Wow. It's been awhile since I've posted. How did that happen? Life has been flying by but I actually feel like I'm clinging on to the tail end of the meteor instead of watching it pass by idly this time. I had so many posts I failed to write and publish that I don't know where to began.
My foot has been a real pain in the arse. I was convinced my podiatrist had misdiagnosed my injury. It's been 10 weeks and only recently has it begun to heal. After missing Rock 'n Roll Marathon San Diego despite 2 cortisone shots, I grumpily headed back to the foot doc. He surmised I might be suffering from a neuroma and sent me home with new orthotics and a "wait and see" prescription. I waited and fretted and waited and fretted. Finally, despite my fear of needles, I went to the acupuncturist. She gleefully stuck needles into my feet, legs, hands, and who knows where else as I cringed, winced, and whined. After 2 treatments, the pain was gone. Excitedly, I hit the trails. Half a mile in, I was overcome with a moment of irrational exuberance, completely forgetting about my injury. It was bliss to run pain-free, something I used to take for granted. I plunged ahead on the trail, blasting through a rocky, dry creek bed. Seconds later, a large evil rock sharply stabbed my vulnerable, freshly not-quite-healed toe in the exact same place as the original injury. I screamed for my mommy and came to a crashing halt. Holding back tears of frustration, I hobbled back to the car on one foot.
I spent the rest of the weekend on crutches, cursing the doctor for what seemed like an obvious misdiagnosis. I was absolutely 100% sure my foot was broken. Immediately, I sought out a second opinion. When doc #2 said my foot was not broken, I insisted on examining the x-ray. He showed it to me, and I had to ask him if that was someone else's foot. Surely that gorgeous white seamless bone structure with ample bone density didn't belong to me! He confirmed the original diagnosis of metatarsalgia and sent me home with a prescription of RICE (rest, ice, compression, elevation). Head hung low, I returned to the acupuncturist.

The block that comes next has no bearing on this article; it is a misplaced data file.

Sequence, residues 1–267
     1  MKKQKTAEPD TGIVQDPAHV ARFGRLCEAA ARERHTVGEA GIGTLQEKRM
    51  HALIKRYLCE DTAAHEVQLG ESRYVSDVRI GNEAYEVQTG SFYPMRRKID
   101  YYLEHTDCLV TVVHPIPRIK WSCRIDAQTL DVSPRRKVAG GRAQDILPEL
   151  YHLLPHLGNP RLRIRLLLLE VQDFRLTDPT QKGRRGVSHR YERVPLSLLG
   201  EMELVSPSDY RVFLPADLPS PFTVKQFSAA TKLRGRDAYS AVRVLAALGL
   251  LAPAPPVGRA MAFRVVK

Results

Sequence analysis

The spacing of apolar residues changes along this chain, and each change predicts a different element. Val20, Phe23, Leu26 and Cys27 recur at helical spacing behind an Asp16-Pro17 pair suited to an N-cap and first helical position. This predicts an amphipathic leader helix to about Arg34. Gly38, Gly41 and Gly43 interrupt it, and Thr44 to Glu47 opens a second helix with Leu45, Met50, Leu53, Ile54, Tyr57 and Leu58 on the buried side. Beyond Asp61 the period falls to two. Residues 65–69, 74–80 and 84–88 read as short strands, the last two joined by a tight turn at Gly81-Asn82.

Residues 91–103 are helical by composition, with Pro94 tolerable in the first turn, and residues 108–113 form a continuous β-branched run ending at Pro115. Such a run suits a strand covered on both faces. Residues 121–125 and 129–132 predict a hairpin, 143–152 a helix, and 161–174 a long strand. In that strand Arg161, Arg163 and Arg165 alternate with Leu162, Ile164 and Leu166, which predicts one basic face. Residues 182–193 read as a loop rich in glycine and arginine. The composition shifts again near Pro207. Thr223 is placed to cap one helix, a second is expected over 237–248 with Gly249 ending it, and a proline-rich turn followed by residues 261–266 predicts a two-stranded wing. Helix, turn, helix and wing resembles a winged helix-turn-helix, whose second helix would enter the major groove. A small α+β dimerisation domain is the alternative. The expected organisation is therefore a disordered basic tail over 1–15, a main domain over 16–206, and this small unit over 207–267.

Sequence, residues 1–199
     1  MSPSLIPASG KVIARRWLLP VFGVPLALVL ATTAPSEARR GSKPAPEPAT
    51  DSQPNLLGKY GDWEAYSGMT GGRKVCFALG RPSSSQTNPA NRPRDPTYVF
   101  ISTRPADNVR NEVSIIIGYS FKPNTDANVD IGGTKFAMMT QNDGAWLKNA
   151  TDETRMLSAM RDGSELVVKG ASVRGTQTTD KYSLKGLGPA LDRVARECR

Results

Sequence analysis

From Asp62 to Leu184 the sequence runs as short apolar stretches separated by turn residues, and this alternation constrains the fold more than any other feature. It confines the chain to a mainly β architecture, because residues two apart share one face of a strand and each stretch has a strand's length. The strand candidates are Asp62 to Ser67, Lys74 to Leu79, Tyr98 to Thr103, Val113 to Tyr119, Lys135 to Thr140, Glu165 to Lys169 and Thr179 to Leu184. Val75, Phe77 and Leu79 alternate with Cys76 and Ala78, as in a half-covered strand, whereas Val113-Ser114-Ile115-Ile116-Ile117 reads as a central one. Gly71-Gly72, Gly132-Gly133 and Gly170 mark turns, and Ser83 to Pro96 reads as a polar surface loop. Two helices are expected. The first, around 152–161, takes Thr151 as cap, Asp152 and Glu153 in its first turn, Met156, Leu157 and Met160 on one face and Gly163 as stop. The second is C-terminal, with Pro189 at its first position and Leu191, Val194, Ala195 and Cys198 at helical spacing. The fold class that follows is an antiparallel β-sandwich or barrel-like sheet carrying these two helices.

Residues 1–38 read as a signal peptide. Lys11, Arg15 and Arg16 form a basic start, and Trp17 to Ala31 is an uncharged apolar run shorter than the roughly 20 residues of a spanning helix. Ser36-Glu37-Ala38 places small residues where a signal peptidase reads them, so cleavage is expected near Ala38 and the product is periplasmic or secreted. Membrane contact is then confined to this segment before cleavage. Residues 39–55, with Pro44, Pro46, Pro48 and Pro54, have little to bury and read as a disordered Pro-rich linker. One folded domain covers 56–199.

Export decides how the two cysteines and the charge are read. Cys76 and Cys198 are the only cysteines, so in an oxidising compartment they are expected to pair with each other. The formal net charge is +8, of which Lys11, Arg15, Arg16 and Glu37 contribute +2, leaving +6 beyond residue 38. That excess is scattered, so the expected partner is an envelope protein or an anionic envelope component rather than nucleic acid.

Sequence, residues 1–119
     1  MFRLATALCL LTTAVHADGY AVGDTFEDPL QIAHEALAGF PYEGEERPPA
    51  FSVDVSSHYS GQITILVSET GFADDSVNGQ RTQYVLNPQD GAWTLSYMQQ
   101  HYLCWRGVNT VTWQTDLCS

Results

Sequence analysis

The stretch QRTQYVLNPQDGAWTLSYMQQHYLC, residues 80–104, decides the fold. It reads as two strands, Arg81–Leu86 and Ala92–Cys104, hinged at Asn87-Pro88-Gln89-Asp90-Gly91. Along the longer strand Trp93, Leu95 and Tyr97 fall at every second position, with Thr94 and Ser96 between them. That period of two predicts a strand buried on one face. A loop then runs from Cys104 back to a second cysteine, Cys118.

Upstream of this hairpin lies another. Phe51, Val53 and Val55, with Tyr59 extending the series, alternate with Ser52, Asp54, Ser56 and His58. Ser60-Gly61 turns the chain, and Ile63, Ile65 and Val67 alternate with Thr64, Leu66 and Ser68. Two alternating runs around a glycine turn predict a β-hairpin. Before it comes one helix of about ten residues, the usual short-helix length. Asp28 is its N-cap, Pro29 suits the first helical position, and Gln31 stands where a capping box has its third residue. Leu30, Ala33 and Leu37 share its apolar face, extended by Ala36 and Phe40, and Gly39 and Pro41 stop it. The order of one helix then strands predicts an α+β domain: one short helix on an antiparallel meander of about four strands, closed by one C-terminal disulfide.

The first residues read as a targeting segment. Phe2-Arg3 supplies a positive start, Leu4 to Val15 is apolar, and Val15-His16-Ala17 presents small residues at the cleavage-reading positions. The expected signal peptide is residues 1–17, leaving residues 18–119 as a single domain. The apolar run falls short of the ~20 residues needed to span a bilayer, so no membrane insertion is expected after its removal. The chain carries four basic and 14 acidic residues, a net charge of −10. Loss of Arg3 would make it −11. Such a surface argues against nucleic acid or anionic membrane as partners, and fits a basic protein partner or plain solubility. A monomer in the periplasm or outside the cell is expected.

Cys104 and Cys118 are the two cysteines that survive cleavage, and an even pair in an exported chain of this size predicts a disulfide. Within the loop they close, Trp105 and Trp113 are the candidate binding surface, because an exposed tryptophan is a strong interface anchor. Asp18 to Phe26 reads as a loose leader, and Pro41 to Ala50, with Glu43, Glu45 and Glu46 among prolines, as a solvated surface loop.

I was supposed to swim and bike and do weights while it healed. However, for some reason, when I can't run, I most often succumb to the depths of the comfy couch. Perhaps because running is my favorite sport. It's counterintuitive, I know. I would have felt much better and preserved what little fitness I had built if I had swam and biked but, alas, I vegged. Why is it when I run, I bike and swim but when I can't run, I do nothing? I guess it's my all-or-nothing attitude.
It's been a frustrating road of healing this summer but I can happily say that my foot is slowly but surely healing. I finally returned to the pool and took my bike on the road for a few spins. My foot started feeling better and better. I did a test run a few days ago, and I can happily report that I am running 4 miles virtually pain-free (about a 3 on the pain scale of 1-10). My plan is to continue to cross-train to build fitness and salvage my season by cramming in a few races this fall (sprint and olympic tris).
Foot injuries take forever to heal! However, I would like to report that time does heal all wounds. Little by little. Patience was never my strong suit but sometimes you don't have a choice.